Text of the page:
Leona Aglukkaq has the world's most thankless job. Every day, Stephen Harper's Environment Minister has to say with a straight face that the government cares deeply about climate change, takes it very seriously and is going to do something about it any day now. This charade has been going on for years. It should be obvious to the smallest child by now that the government isn't going to do a thing about climate change unless it absolutely has to.
I wish Mr. Harper would just come right out and say so. But he won't. The reason is that every country must pretend to play the climate game. The only current exception is Australia, which ditched its carbon tax because it was so politically unpopular. What a relief – at least now we have a rival as the world's worst climate bad guy.
This week, Mr. Harper almost came close to coming clean. He said it would be "crazy" to try to limit carbon emissions in the oil patch at a time when oil prices are plummeting. Of course, he said much the same thing when oil prices were soaring.
The progressive classes (to say nothing of the political opposition) are obsessed with Mr. Harper's refusal to take action. In an interview last week with Ban Ki-moon, the CBC's Peter Mansbridge did everything he could to get the United Nations secretary-general to agree that Canada is among the world's worst climate villains.
Actually, we're no more villainous than we've ever been. Under Liberal PM Jean Chrétien, we signed on to the Kyoto Protocol and made a promise on emissions targets that we were never going to meet. (Kyoto was doomed from the start in any case, because the U.S. Senate unanimously rejected it.) Now we've made another promise to reduce greenhouse gases to 17 per cent below 2005 levels by 2020. Barring an economic collapse, this won't happen either. As energy economist Andrew Leach has pointed out, it would require the "the equivalent of taking every vehicle currently in use in Canada off the road – permanently."
There is, of course, a middle ground between doing the impossible and doing nothing. And many thoughtful people, including Mr. Leach, think Mr. Harper would be smart to find it. They argue that the PM's lack of leadership on climate change does the oil sands more harm than good. It makes Canada a ripe target for the industry's opponents, and an international pariah.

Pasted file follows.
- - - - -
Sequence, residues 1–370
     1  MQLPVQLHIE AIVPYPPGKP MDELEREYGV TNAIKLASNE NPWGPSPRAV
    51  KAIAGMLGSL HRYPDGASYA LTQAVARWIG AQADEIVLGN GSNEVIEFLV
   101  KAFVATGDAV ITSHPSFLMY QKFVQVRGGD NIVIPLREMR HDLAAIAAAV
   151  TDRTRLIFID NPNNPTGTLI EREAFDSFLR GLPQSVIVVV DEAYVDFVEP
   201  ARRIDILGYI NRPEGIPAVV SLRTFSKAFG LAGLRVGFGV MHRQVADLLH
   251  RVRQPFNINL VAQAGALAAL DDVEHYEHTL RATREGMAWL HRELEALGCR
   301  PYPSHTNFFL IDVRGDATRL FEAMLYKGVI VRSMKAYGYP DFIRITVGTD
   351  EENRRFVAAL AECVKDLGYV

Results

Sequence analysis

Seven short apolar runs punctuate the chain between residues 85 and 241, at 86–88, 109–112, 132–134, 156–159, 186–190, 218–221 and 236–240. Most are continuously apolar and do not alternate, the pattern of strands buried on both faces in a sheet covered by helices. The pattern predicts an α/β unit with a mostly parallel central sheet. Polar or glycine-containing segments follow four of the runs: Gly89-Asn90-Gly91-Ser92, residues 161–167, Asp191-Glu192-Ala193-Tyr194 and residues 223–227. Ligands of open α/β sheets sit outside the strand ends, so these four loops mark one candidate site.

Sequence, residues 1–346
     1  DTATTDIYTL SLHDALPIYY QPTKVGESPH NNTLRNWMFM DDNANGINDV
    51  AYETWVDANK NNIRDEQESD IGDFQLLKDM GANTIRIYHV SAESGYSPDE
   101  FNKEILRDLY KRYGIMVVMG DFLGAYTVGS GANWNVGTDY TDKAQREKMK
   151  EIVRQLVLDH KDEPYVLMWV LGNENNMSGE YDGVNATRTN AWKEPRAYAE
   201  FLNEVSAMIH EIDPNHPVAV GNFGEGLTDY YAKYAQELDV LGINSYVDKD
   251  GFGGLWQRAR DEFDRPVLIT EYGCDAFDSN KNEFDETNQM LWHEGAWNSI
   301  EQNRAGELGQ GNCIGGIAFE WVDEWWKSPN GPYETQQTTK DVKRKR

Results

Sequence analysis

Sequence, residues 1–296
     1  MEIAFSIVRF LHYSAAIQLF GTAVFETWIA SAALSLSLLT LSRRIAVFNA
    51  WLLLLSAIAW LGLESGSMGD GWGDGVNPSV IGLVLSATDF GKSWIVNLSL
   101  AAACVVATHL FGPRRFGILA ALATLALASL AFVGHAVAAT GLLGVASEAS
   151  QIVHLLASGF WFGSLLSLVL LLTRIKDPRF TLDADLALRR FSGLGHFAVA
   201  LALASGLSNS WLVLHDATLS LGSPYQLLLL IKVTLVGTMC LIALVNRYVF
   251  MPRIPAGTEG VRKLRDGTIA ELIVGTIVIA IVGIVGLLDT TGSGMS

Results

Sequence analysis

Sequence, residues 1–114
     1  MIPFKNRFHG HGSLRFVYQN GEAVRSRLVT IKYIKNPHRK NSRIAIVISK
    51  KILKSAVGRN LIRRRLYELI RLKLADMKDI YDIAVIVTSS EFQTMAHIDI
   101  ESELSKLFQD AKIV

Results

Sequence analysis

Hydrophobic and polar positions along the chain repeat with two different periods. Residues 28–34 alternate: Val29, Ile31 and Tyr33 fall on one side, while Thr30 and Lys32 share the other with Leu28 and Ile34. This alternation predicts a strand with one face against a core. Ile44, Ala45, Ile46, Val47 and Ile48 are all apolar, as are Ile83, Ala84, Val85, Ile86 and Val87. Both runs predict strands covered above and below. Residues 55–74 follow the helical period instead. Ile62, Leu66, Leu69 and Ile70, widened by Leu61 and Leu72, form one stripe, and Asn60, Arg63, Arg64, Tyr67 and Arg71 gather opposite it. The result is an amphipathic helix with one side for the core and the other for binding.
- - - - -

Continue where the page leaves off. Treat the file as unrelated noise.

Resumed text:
My guess is that Mr. Harper's calculations on climate change (unlike, say, U.S. President Barack Obama's) are zero per cent moral and 100 per cent political. Above all, he is a realist, and he doesn't really care what the international community or Mr. Mansbridge or Greenpeace think. He cares what the voters think. And he's betting that enough voters think Canada would be insane to take costly action on climate change unless everybody else, or at least the United States, is doing it as well.
I have no idea if Mr. Harper is a skeptic about climate change. But he is undoubtedly a skeptic about the effectiveness of global action. No developing country in the world will agree to grow less to help the climate. As Eduardo Porter put it in The New York Times, "the development imperative will beat the climate imperative every time." And no developed nation will allow itself to be held accountable to outsiders. Mr. Obama's good intentions will expire in 2016. And China, whose grand pact with the United States will allow its own carbon emissions to soar until the year 2030, has balked at outside scrutiny.
In fact, the biggest news from this week's climate gabfest in Lima – one observer called it "the green blob's annual ritual" – is that the dream of a grand global deal is officially dead. Even the negotiators have finally admitted that it can't be achieved. Instead, they're aiming for something much more modest – a deal in which every country will make its own emissions pledges, suited to its own circumstances. Sure, that'll work. And if they don't comply, maybe they'll get 20 lashes with a wet noodle.